Angry Robot Books

The official release from Angry Robot Books:

On December 1st 2010, Angry Robot will be launching “Nano Editions”. Exclusive to the publisher’s own webstore at angryrobotstore.com, Nanos are digital short stories by Angry Robot novelists, sold at sensible prices in ePub format, ready to load onto the world’s most popular eBook readers.

Most Nanos will be in the 5,000 – 15,000 word range. Shorter works than that will be automatically bundled with another story to ensure value for money.

Talking of which – stories will cost just 59p each (approximately US $0.95). Readers can bundle a collection of any 10 by any combination of authors, for only £3.49 (US$5.59). The files will be DRM-free and available worldwide. If demand for the stories takes off, AR plan to also sell them via eBook retailers.

Angry Robot Editor Lee Harris said, “Publishing is changing, but our role as publishers remains the same – to find cool stories and bring them to readers. This is another step in Angry Robot’s ongoing plan to embrace the new opportunities digital formats provide – and an excellent way for readers to sample unfamiliar authors, without breaking the bank.”

Authors included in the Nanos series include multi-million-selling novelist Dan Abnett and award-winning short fiction authors Kaaron Warren and Aliette de Bodard, along with many others. We will have at least 30 Nanos available for the December 1st launch, with more added at regular intervals.

I’m a huge supporter of eBooks and eReaders being a necessary tool in allowing short fiction to not only sustain itself, but actually grow its audience. There’s an endless supply of great short fiction available on the Internet and eReaders have finally made those stories readable in a comfortable format—no more sitting in front of the computer monitor to enjoy the latest edition of Clarkesworld or Beneath Ceaseless Skies, I can now read them from the comfortable, soothing suds of my bubble bath.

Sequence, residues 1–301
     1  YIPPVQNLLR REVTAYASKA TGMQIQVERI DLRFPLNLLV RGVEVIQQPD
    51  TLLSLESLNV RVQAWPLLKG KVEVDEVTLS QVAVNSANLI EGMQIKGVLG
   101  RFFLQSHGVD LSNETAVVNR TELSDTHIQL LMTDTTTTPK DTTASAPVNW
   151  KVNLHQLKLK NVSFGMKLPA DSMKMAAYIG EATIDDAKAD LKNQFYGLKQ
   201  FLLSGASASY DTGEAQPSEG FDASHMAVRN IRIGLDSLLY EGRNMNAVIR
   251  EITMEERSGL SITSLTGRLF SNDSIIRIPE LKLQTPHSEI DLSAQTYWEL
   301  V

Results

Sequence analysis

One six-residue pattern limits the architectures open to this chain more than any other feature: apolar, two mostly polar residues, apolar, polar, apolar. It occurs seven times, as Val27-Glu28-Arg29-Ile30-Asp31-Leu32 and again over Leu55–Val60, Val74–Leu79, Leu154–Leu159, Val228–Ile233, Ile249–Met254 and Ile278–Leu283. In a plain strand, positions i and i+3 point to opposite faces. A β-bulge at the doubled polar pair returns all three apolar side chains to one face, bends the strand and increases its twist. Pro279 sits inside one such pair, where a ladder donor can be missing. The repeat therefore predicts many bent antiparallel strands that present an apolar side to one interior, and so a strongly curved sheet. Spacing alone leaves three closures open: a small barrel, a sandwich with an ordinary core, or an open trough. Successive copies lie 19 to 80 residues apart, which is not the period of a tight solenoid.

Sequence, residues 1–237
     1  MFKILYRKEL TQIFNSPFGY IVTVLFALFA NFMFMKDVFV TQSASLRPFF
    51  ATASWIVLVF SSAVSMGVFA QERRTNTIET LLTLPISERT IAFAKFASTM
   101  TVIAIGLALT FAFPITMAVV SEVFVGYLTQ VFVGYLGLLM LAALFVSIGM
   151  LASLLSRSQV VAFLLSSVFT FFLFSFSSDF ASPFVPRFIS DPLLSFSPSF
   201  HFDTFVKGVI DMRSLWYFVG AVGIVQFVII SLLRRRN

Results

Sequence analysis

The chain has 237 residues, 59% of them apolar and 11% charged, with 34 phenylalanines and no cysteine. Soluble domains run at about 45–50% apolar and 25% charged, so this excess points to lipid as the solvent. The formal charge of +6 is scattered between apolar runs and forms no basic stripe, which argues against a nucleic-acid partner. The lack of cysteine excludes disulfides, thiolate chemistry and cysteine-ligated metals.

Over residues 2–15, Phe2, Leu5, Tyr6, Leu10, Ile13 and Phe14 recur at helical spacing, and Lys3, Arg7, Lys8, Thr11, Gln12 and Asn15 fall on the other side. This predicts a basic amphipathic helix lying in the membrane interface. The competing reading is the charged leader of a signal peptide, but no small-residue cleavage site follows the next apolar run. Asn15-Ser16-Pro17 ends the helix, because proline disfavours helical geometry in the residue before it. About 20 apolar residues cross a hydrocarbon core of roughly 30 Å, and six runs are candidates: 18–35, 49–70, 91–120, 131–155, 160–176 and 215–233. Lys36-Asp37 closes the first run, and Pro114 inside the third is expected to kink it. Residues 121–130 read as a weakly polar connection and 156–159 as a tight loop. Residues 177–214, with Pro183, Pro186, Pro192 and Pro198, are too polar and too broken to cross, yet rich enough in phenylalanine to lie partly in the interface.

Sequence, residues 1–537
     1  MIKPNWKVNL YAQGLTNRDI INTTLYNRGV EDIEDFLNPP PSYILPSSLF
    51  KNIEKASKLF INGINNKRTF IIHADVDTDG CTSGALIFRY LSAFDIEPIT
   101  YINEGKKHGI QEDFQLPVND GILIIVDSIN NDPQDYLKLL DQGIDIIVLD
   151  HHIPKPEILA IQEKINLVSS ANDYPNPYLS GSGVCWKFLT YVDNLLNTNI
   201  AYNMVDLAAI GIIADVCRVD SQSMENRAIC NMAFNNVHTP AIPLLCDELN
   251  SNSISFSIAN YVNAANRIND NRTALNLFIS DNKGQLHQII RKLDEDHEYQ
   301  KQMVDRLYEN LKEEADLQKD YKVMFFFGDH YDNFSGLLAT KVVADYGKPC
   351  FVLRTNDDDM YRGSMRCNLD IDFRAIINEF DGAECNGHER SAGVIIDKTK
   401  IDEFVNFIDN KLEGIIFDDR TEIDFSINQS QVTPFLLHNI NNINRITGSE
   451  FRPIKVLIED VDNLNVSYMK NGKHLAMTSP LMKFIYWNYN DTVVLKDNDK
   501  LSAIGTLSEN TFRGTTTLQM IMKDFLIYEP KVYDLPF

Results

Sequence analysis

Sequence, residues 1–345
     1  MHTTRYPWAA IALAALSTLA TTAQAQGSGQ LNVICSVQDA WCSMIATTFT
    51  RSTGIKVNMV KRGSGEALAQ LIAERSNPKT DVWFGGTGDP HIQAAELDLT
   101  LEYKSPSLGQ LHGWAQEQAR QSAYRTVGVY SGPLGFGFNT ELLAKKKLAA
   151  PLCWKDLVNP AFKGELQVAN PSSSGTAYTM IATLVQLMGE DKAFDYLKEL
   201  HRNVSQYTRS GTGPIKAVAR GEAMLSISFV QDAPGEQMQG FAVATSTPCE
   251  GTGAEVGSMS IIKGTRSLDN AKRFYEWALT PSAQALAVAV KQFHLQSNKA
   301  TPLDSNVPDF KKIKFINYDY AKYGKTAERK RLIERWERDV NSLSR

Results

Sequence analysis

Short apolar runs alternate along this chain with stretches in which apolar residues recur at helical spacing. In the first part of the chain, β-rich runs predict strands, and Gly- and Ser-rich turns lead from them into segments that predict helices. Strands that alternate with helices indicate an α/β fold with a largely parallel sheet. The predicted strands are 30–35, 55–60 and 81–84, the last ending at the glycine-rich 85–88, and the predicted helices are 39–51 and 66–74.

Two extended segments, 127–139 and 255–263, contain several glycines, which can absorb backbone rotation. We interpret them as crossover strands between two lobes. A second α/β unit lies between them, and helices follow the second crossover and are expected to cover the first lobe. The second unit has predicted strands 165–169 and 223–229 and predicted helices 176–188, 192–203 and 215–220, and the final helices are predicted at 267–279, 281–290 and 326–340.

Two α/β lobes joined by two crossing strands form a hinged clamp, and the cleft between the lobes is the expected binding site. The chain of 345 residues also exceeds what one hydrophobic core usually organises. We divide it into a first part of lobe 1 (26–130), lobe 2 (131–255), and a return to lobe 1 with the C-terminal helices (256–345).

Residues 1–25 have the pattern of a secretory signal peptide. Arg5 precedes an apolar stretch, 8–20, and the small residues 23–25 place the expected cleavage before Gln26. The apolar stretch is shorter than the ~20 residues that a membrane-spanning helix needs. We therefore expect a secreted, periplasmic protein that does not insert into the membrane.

So it’s nice to see more publishers getting on board with digitally distributed short fiction. It’s a bit of a shame that, like Orbit Books, Angry Robot Books is opening the platform only to authors already in their library (as opposed to Tor.com, who is open to submissions from all authors), but it’s a start. Selling them for a fee (even a small fee) is also a concerning given how many publications provide their fiction for free on their websites. Still, the writers of these stories deserve to be paid, and, no doubt, they won’t be supported by ads, sponsors or donations like many of those websites that offer free fiction. I do like the idea of a make-your-own-anthology style bundle and hopefully the small cost means we’ll see eBooks created with proper care and attention to aesthetics, something still lacking in much of the ePublishing world.

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